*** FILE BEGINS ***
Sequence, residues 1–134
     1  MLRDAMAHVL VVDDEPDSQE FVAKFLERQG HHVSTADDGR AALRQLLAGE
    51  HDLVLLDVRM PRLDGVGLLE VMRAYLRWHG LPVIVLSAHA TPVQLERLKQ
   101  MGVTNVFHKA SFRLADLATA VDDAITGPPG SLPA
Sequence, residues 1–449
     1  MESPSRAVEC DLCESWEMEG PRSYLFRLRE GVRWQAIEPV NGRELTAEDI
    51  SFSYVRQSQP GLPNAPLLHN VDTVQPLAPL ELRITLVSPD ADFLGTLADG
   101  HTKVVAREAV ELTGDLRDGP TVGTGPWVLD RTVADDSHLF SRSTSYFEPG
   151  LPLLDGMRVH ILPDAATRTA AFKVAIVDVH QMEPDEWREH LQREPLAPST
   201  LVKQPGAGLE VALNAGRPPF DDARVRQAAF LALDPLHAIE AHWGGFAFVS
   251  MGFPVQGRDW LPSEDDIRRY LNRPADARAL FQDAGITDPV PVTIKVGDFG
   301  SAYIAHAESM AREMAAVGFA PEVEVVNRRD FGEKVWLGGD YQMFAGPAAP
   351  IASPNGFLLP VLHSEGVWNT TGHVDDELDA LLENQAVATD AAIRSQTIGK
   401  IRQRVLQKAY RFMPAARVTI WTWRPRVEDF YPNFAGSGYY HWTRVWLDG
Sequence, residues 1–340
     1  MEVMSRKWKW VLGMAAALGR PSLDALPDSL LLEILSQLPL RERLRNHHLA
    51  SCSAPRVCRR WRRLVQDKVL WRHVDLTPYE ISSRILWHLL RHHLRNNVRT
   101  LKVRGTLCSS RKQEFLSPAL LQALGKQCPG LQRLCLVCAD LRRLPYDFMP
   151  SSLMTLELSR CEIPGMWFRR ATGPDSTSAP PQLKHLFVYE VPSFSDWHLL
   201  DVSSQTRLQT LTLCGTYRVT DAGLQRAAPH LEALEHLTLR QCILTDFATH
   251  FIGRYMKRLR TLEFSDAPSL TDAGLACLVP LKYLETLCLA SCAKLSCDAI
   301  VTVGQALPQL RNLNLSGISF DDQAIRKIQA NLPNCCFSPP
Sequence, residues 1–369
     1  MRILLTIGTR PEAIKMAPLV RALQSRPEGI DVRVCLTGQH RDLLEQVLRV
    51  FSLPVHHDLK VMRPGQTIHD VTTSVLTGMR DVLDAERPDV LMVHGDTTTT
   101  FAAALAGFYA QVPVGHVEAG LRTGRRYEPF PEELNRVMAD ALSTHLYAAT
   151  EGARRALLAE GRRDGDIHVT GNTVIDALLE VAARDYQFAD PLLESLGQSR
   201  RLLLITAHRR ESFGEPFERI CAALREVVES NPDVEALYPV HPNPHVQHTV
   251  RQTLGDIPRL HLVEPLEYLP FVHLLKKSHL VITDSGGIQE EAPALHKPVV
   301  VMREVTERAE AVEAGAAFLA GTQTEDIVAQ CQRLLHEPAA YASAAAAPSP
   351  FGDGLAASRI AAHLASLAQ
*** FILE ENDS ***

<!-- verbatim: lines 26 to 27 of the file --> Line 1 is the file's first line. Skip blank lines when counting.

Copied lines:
   101  FAAALAGFYA QVPVGHVEAG LRTGRRYEPF PEELNRVMAD ALSTHLYAAT
   151  EGARRALLAE GRRDGDIHVT GNTVIDALLE VAARDYQFAD PLLESLGQSR